Yoko Hagino, born and raised in Japan, began her own piano studies at the very young age of four. As an accomplished soloist and chamber pianist, she understands the importance of her students achieving a higher level of musicianship—encouraging them to learn the fundamentals and also bring their own personality to their music. Yoko teaches her students how to listen to music and express their feelings from it. She wants them to be patient in learning so that they can truly discover their potential and musical possibilities. She shares her enthusiasm for music by playing with or for them to help them feel the joy of music making.

She has appeared as a soloist with the Kyoto City Symphony, the Czech Symphony, Osaka Century Orchestra, U-Mass Boston Chamber Orchestra, Key West Symphony Orchestra, White Rabbit Symphonietta, and she has performed various piano recitals ranging from the music of Bach to contemporary repertoire. Yoko is a prize winner of the Steinway Society Piano Competition, the First International Chamber Music Competition, the All-Japan Selective Competition of the International Mozart Competition and Chamber Music Competition of Japan.

She received her Bachelor’s and her Master’s degrees with honors from Tokyo National University, where she won its concerto competition. She earned an Artist Diploma from the Longy School of Music, where she studied with Victor Rosenbaum and won the school’s concerto competition. Yoko completed a Performance Diploma at Boston Conservatory, where she was a student of Michael Lewin and received the Churchill Scholarship.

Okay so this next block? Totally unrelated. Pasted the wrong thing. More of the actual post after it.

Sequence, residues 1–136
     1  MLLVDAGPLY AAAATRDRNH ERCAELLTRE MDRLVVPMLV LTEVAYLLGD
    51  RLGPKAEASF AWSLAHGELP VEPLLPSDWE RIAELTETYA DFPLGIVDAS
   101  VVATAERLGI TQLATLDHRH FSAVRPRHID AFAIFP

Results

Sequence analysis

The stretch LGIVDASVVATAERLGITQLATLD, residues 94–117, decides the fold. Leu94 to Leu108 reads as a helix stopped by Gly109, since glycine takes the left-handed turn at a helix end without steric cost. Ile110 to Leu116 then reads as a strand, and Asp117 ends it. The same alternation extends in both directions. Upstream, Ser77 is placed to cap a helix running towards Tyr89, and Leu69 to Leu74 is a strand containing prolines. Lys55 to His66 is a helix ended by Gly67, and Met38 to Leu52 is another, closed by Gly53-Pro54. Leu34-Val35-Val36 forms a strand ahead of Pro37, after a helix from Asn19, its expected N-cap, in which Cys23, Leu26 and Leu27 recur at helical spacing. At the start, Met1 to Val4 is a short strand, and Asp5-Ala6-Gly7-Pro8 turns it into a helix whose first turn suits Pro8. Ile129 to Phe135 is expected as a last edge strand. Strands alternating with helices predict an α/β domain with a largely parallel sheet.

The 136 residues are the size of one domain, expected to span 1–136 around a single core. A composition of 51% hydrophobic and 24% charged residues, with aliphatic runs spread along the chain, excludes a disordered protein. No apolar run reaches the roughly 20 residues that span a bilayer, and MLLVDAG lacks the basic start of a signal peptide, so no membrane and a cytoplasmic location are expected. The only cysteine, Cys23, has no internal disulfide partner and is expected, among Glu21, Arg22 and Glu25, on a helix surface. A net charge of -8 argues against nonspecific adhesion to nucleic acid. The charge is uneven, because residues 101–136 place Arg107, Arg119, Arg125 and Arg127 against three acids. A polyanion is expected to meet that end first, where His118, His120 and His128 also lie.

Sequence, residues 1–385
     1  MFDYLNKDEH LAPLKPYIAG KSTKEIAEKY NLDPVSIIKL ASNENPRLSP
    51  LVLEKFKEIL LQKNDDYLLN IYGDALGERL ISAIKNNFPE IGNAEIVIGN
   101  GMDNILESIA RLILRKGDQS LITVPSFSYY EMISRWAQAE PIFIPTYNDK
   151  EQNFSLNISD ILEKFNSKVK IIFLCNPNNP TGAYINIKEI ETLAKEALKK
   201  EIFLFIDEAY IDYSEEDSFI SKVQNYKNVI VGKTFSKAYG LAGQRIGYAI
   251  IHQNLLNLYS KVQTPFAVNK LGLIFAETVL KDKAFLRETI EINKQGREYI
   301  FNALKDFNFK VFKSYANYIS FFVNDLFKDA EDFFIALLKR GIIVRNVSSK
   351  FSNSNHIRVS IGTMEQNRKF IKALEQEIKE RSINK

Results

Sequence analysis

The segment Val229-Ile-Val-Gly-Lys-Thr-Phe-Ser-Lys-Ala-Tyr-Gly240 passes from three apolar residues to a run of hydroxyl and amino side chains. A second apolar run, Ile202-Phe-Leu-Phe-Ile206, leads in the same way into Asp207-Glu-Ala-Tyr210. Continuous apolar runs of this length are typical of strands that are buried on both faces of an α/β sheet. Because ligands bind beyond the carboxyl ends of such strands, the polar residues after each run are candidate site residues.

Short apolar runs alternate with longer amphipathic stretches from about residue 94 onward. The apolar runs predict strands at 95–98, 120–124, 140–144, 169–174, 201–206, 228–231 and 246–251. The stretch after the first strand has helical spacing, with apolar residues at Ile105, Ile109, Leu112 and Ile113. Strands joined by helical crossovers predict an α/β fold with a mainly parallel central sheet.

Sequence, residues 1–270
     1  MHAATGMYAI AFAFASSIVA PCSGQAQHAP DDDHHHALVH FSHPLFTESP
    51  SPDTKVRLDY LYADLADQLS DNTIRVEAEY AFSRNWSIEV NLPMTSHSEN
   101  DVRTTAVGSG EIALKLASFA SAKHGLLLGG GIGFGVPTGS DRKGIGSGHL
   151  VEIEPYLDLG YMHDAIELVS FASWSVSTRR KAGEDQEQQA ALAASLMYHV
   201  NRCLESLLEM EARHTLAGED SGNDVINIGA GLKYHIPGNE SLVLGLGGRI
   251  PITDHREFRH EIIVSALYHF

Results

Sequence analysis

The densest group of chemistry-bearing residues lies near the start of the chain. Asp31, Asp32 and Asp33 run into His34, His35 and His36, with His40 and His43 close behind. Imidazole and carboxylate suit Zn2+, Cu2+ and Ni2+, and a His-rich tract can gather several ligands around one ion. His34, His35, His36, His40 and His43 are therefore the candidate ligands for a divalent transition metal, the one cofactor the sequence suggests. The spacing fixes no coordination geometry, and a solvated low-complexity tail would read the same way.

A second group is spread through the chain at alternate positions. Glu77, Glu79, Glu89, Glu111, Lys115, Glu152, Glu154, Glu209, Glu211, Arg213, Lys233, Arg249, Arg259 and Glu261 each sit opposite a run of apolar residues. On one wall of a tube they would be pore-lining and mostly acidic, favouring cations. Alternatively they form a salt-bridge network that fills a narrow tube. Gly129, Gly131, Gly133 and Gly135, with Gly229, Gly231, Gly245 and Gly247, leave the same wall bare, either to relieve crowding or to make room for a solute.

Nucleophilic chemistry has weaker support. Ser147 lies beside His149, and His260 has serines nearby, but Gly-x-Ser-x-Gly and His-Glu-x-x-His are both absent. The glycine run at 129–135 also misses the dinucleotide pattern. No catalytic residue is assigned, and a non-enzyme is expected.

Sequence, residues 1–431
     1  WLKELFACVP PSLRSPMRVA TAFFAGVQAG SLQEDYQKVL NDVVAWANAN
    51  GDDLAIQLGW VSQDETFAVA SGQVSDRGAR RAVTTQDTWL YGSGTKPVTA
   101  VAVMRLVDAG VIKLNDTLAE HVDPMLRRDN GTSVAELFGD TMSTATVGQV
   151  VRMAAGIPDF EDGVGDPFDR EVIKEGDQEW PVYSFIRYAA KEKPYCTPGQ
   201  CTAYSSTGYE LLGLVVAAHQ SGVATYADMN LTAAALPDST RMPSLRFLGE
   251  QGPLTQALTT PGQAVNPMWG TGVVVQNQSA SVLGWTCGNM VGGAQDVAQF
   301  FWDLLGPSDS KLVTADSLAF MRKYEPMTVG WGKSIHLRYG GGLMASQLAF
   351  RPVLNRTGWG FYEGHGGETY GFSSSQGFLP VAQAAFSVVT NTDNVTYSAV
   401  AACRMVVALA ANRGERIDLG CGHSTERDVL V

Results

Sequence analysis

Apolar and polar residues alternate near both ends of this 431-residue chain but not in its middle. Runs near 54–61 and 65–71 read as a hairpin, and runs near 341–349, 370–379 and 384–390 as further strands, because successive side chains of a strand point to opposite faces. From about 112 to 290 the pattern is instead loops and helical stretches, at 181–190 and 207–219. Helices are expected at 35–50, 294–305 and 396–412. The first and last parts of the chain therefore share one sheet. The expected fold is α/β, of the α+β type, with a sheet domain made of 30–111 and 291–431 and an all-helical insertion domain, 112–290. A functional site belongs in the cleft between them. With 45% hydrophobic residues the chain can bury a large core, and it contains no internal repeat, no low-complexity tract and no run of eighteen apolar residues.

As a devoted chamber musician, she is the Co–Director of “Die Musiker Witz” and has given many concerts in various locations in Japan. In addition to teaching at CCM, she has been a staff pianist at the Boston Conservatory and has led workshops at Morgan State University, Longy School of Music and Berklee College of Music.

When not performing or teaching music, Yoko enjoys sewing, baking and ice skating.

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“My love for music started very naturally, because of my parents. My father listened to classic music all the time, and told me how wonderful each piece was and why. I was very young, maybe 5 or 6, music became a part of my life so easily, and I just felt so much joy to make them my own. I hope my students will want to share their music with others too.”